They were getting a feel for the device.
     
  8. theBrownLlama

    theBrownLlama Limp Gawd

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    considering the amount of b.s these days on the net, especially from the younger ones, i will wait for 3rd party verification.

    seems like he just flashed the entire device
     
  9. Yaka

    Yaka Gawd

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    pretty sure this kids cred is rock solid
     
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  10. Ski

    Ski Gawd

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    Haha!
     
  11. Gottfried Leibnizzle

    Gottfried Leibnizzle Limp Gawd

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    He has a bright future. As for the rest of us, we'll keep plugging away at our day jobs :(
     
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  12. B00nie

    B00nie [H]ardness Supreme

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    I bet that he didn't actually hack anything on kernel level, he just bypassed the motherboard hardware and runs the touch screen off an external device.
     
  13. RealBeast

    RealBeast Limp Gawd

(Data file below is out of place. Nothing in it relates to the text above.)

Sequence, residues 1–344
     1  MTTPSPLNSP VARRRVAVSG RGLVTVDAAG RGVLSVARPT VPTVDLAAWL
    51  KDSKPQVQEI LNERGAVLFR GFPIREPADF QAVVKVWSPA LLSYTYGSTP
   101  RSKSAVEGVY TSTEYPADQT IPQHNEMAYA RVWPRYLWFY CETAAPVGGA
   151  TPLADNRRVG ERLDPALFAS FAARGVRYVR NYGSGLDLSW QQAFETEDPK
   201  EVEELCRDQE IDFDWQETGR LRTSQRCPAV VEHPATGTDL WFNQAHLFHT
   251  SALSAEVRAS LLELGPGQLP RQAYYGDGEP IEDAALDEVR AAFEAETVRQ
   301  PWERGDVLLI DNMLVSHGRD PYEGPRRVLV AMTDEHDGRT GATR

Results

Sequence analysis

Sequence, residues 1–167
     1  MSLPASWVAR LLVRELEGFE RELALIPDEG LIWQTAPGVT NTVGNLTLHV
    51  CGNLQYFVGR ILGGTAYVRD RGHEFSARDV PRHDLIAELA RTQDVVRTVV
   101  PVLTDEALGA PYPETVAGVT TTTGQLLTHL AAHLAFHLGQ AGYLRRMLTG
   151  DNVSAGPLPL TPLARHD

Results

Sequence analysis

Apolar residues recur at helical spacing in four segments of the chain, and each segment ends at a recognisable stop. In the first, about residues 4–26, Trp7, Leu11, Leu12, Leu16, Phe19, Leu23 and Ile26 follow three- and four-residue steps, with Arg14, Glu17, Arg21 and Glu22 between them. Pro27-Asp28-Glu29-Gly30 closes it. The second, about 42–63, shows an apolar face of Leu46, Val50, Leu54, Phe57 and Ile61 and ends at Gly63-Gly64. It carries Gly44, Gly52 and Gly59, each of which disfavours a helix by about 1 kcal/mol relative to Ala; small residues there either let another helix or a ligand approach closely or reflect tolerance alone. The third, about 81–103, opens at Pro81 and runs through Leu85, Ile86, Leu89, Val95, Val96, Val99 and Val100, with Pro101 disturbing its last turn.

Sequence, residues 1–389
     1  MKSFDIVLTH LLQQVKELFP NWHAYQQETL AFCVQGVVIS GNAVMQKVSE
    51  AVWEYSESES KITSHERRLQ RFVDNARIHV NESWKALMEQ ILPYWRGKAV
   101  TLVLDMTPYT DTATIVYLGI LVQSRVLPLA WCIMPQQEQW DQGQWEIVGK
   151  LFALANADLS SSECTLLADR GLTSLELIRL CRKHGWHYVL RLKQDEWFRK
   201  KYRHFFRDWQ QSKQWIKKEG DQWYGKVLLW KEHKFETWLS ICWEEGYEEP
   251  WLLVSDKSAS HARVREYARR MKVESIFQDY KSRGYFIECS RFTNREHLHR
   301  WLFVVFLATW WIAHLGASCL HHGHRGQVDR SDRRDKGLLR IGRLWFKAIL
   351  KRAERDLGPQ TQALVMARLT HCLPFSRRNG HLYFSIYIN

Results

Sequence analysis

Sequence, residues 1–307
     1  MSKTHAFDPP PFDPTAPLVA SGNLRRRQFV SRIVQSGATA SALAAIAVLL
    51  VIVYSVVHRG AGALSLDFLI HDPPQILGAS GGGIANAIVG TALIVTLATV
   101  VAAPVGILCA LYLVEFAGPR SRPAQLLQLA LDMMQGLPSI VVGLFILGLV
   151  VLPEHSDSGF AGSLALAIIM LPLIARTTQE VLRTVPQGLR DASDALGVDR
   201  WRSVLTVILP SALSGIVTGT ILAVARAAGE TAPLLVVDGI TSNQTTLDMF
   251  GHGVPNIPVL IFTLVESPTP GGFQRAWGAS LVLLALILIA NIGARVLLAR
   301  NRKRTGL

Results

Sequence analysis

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    His future really depends on what he does with his talent. Living in Mom's basement and hacking video games is one sad possibility. :rolleyes:
     
  14. M76

    M76 [H]ardness Supreme

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    Lol, owned.
     
  15. shspvr

    shspvr Gawd

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    This not a Hack more like upload and executed a custom firmware or rom directly in to device so who care as doom can be run a calculator
     
  16. DeathFromBelow

    DeathFromBelow [H]ardForum Junkie

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    BaghdadBob.jpg
     
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  17. Mut1ny

    Mut1ny [H]ard|Gawd

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    Why? Seems to be working. Oh, right, McAfee...it's apparently OK to be assholes towards him...
     
  18. c3k

    c3k [H]ard|Gawd

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    McAfee: just one drug-fueled murder and everyone says he’s a bad guy... Can’t a guy catch a break?

    /s